2 Corinthians 5:10 For we must all appear before the judgment seat of Christ; that every one may receive the things done in his body, according to that he hath done, whether it be good or bad.
Notice that he includes himself. He says, “we” must all appear.
I’m thinking that means that Jesus Christ is going to Judge our salvation according to our works. And it says it elsewhere as well:
Romans 2:6-12King James Version (KJV)
6 Who will render to every man according to his deeds:
7 To them who by patient continuance in well doing seek for glory and honour and immortality, eternal life:
8 But unto them that are contentious, and do not obey the truth, but obey unrighteousness, indignation and wrath,
9 Tribulation and anguish, upon every soul of man that doeth evil, of the Jew first, and also of the Gentile;
10 But glory, honour, and peace, to every man that worketh good, to the Jew first, and also to the Gentile:
11 For there is no respect of persons with God.
12 For as many as have sinned without law shall also perish without law: and as many as have sinned in the law shall be judged by the law;
St. James actually teaches the imprecise lesson. We are saved by faith and works, “so to speak”. Because they are necessary prerequisites.
I think we all agree that “faith” is a necessary prerequisite, do we not?
Hebrews 11:6But without faith it is impossible to please him: for he that cometh to God must believe that he is, and that he is a rewarder of them that diligently seek him.
And works are also a necessary prerequisite. St. John says:
Every branch in me that beareth not fruit he taketh away:….
Does that mean then, that we work our way to heaven? By no means.
Does it mean that we cleanse our own souls of sins? No way.
Here is what the Catholic Church officially says:
HOW THE GRATUITOUS JUSTIFICATION OF THE SINNER BY FAITH IS TO BE UNDERSTOOD
But when the Apostle says that man is justified by faith and freely, these words are to be understood in that sense in which the uninterrupted unanimity of the Catholic Church has held and expressed them, namely, that we are therefore said to be justified by faith, because faith is the beginning of human salvation, the foundation and root of all justification, without which it is impossible to please God and to come to the fellowship of His sons;
and we are therefore said to be justified gratuitously, because none of those things that precede justification, whether faith or works, merit the grace of justification.
For, if by grace, it is not now by works, otherwise, as the Apostle says, grace is no more grace.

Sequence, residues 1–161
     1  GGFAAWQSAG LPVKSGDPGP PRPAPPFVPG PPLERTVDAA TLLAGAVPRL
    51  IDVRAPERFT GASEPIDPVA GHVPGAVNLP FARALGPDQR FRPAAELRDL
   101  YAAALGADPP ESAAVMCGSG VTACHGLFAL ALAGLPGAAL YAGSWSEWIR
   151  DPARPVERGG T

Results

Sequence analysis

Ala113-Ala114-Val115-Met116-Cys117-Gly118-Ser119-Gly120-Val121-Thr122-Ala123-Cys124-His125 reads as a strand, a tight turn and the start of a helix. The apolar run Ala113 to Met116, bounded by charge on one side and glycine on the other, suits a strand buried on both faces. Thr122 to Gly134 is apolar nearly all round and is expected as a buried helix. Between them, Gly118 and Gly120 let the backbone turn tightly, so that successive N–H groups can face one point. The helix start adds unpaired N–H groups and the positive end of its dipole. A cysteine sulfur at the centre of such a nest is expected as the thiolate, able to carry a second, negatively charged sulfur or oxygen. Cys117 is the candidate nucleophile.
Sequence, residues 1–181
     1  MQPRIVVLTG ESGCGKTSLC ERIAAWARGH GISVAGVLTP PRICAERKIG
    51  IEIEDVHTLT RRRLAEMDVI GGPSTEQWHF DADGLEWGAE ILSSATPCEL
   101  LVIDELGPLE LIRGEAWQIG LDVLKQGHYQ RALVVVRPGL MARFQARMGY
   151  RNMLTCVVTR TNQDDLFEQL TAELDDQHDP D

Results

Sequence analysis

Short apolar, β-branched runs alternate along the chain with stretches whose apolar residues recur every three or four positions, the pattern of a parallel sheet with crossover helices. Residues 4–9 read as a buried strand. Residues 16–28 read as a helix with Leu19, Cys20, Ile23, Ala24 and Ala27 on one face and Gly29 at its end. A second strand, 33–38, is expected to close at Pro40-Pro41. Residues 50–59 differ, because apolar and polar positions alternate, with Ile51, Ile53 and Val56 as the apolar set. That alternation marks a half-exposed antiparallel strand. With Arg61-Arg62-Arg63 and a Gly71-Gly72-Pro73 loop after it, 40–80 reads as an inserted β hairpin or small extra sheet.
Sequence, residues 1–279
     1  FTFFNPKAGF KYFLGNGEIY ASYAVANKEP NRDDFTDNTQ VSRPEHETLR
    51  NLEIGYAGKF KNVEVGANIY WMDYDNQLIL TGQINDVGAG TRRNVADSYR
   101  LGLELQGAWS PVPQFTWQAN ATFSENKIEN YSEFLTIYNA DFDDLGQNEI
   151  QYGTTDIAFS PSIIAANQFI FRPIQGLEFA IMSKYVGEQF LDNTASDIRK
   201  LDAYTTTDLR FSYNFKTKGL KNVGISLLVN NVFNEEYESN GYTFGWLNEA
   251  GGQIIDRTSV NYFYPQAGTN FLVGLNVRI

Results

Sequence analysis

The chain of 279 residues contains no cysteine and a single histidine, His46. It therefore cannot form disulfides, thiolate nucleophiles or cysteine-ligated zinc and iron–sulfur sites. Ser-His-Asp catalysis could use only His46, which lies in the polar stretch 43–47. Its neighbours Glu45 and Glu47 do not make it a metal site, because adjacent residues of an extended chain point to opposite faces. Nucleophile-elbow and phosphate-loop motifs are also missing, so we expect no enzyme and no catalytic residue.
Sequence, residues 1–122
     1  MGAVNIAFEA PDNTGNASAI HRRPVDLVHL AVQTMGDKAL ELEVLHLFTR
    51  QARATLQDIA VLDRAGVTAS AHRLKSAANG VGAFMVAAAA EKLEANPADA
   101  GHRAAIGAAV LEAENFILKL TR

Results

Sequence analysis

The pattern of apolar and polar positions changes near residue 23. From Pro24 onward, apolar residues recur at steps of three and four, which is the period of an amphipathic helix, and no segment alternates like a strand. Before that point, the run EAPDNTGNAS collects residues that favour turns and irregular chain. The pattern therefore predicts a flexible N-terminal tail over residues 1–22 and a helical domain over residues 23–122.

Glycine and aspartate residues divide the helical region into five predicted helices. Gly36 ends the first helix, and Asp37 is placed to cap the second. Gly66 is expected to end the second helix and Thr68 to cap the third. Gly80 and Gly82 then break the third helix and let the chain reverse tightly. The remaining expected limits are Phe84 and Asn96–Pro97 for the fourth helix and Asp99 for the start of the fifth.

For not the hearers of the law are just before God, but the doers of the law shall be justified.
The only thing he needs to add to that to be absolutely precise are the words, “by God”. It would then read:
For not the hearers of the law are just before God, but the doers of the law shall be justified by God.
Here’s the rest of the Catholic Teaching from Trent:
IN WHAT THE JUSTIFICATION OF THE SINNER CONSISTS, AND WHAT ARE ITS CAUSES
This disposition or preparation is followed by justification itself, which is not only a remission of sins but also the sanctification and renewal of the inward man through the voluntary reception of the grace and gifts whereby an unjust man becomes just and from being an enemy becomes a friend, that he may be an heir according to hope of life everlasting.
The causes of this justification are:
the final cause is the glory of God and of Christ and life everlasting; the efficient cause is the merciful God who washes and sanctifies gratuitously, signing and anointing with the holy Spirit of promise, who is the pledge of our inheritance, the meritorious cause is His most beloved only begotten, our Lord Jesus Christ, who, when we were enemies, for the exceeding charity wherewith he loved us, merited for us justification by His most holy passion on the wood of the cross and made satisfaction for us to God the Father, the instrumental cause is the sacrament of baptism, which is the sacrament of faith, without which no man was ever justified finally, the single formal cause is the justice of God, not that by which He Himself is just, but that by which He makes us just, that, namely, with which we being endowed by Him, are renewed in the spirit of our mind, and not only are we reputed but we are truly called and are just, receiving justice within us, each one according to his own measure, which the Holy Ghost distributes to everyone as He wills, and according to each one’s disposition and cooperation.
Again, please note the bold italics.